Martin, Reuben, and James
By Miss Pamela Crane

It has been a dream of my mother, Evelyn Taylor, to see Gettysburg's Little Round Top where her relative, Martin Laufer, fought and to visit the places my father's ancestors, Reuben and James Tilton, mentioned in their war letters. This past June her dream was realized. Vanessa and I accompanied Mom on her journey to Gettysburg and along the Shenandoah.

My family knows very little about Martin Laufer. He is Mom's great-grandfather on her father's side. He supported his wife and three children as a piano maker in Rochester, New York. On August 26, 1862, at age 27 he enlisted in the 140th NY Infantry, Co. B. Like so many in his unit, he had emigrated from Germany. At Weldon Railroad (August 18, 1864), he was captured and spent time at Salisbury Prison in North Carolina. On June 3, 1865 he was mustered out at a camp near Washington, Virginia.

Our first stop on our trip was Little Round Top, where a number of historical plaques and a monument recognize the 140th's contribution to holding the ground. The hill and countryside this hot and humid day were calm and still, but we could see those gallant men under the command of Patrick O'Rourke, rushing down the hill through the trees, crouching behind the breastworks and the boulders strewn about on the hillside where they faced the enemy. We could hear the roar of cannons, the noise of muskets and shouting men; see the smoke and falling bodies of men and horses as they turned the tide of the battle at Gettysburg. It was at once, a chilling and proud moment for all of us.

What we know about Reuben and James Tilton was gleaned from government war records and 75 of the letters they wrote home to their parents during the War. Hailing from Johnsonsburg, New York, the two brothers served together in Co. G of the 9th NY Cavalry. James served from September 25, 1864 to June 6, 1865, and Reuben from October 12, 1864 to July 1865.

While Reuben and James never participated in any battles (as best we can tell) their letters are full of flavor and details of a soldier's life. They speak of concerns for family members back home, the farm, care and treatment of the horses and the family's cheese factory. There are requests for particular food items (butter, dried fruit, cheese and a little tea - no cakes or pies, please) to be sent with their father, Obadiah, when he visits them. Foraging for food, such as, black raspberries and cherries or stealing three chickens out of a barn and milking a cow on the sly were also mentioned. Both of them wrote about the hanging of a Negro not far from Winchester. There's talk of Mosby's raiders and the paroling of Confederate soldiers. They included the lyrics to "Little Octoroon," which they intended to teach their parents when they saw them next. Boredom was also prevalent. They had picket duty every other day. Many of their letters are from Remount Camp where they are waiting (and waiting some more) for fresh mounts since their horses have been condemned. Here, Reuben and James slept nine to a tent. They spent their evenings playing cards, writing, and talking with other soldiers. Occasionally, there was a game of ball or a dance to attend. Finally, they wrote of the end of the war--"the capture of Old Jeff," the surrender of General Lee and his army, and the camp's celebration.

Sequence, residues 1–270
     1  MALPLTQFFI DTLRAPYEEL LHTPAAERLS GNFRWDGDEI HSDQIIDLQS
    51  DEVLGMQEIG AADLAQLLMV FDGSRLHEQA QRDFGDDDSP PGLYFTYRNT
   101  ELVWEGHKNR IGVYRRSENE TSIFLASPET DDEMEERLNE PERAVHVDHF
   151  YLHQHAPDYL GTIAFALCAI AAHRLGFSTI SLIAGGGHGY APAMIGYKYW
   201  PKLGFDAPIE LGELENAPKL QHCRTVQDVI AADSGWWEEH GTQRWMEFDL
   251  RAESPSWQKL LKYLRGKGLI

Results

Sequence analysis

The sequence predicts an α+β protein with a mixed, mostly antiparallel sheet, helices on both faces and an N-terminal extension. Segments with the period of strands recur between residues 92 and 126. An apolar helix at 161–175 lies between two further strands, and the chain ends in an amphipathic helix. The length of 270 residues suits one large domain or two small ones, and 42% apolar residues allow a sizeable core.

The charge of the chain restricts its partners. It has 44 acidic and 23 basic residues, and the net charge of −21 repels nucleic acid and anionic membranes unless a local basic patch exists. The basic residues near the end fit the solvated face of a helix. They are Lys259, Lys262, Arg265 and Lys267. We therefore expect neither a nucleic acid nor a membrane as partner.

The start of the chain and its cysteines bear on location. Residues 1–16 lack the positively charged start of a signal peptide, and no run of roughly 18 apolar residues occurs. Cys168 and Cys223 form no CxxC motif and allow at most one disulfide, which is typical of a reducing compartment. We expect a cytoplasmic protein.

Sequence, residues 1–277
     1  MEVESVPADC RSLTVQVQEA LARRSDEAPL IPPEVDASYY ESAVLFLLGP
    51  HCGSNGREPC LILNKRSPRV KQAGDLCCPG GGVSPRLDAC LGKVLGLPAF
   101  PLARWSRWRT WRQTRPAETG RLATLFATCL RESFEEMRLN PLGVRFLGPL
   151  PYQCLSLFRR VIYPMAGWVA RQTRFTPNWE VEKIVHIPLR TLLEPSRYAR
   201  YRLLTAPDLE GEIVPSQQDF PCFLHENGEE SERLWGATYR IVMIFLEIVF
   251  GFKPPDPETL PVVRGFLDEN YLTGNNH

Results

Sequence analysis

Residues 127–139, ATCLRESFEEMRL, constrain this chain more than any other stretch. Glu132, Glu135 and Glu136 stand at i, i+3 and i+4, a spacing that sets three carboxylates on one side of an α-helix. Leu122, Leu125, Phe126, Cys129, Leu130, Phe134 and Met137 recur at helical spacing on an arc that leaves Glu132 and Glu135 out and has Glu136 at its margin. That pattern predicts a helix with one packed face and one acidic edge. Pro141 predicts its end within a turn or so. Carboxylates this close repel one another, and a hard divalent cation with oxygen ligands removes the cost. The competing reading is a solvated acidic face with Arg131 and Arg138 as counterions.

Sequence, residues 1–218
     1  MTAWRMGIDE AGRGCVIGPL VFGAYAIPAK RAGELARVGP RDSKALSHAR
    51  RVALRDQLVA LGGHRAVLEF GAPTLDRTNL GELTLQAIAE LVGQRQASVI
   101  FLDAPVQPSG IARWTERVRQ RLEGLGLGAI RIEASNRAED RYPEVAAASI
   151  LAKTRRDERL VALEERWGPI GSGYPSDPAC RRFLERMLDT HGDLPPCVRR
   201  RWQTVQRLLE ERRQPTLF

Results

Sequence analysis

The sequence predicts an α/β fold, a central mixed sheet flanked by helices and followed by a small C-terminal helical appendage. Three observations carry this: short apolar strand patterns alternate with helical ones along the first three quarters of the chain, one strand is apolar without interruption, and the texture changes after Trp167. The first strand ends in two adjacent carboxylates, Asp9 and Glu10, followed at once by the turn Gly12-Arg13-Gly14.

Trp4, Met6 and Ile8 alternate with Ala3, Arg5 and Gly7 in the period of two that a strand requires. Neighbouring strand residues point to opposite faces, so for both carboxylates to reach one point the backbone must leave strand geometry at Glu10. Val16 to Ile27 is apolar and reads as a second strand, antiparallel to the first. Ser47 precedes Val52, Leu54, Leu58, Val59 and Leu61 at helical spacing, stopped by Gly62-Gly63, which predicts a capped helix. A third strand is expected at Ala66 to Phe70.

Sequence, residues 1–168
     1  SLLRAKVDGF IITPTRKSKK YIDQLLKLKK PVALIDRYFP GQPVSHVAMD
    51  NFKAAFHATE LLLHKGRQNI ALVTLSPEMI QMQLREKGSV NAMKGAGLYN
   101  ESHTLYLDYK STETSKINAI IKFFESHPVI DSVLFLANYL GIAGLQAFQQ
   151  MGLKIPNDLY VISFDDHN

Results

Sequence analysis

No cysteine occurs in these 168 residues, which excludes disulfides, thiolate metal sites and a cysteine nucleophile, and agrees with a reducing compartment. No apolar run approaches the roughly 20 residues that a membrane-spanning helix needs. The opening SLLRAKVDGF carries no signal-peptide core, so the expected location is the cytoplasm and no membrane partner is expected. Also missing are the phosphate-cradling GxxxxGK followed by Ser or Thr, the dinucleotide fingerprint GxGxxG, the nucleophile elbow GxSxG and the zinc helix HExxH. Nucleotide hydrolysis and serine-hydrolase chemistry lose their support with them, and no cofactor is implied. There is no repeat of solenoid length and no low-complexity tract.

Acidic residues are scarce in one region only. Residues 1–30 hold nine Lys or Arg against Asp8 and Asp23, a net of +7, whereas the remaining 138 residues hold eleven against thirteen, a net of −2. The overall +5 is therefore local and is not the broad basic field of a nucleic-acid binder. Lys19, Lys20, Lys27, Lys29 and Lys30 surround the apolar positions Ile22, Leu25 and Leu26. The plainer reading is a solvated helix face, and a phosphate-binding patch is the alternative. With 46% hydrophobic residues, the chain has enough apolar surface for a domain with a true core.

Prior to our trip, Mom had selected some of their letters that mentioned specific locales. When we got to one of those locations along our journey, we stopped and read that particular letter. Our first reading was outside of Harper's Ferry at Lovettsville, followed by Winchester, New Market and our final stop, Mt. Jackson. Unbeknownst to Mom, she had chosen the perfect letter to wrap up our journey. Reuben and James had just spent a week riding up and down the Shenandoah Valley paroling Confederates. Their letter mentioned the same villages we had driven through that very day: Middletown, Strasburg, Edinburg and New Market. We all felt a real connection to them, to the past, and to what Reuben wrote in one of his letters, "Give my love to all good union people."

Pamela, Evelyn and Vanessa

Last Updated on 4/3/04

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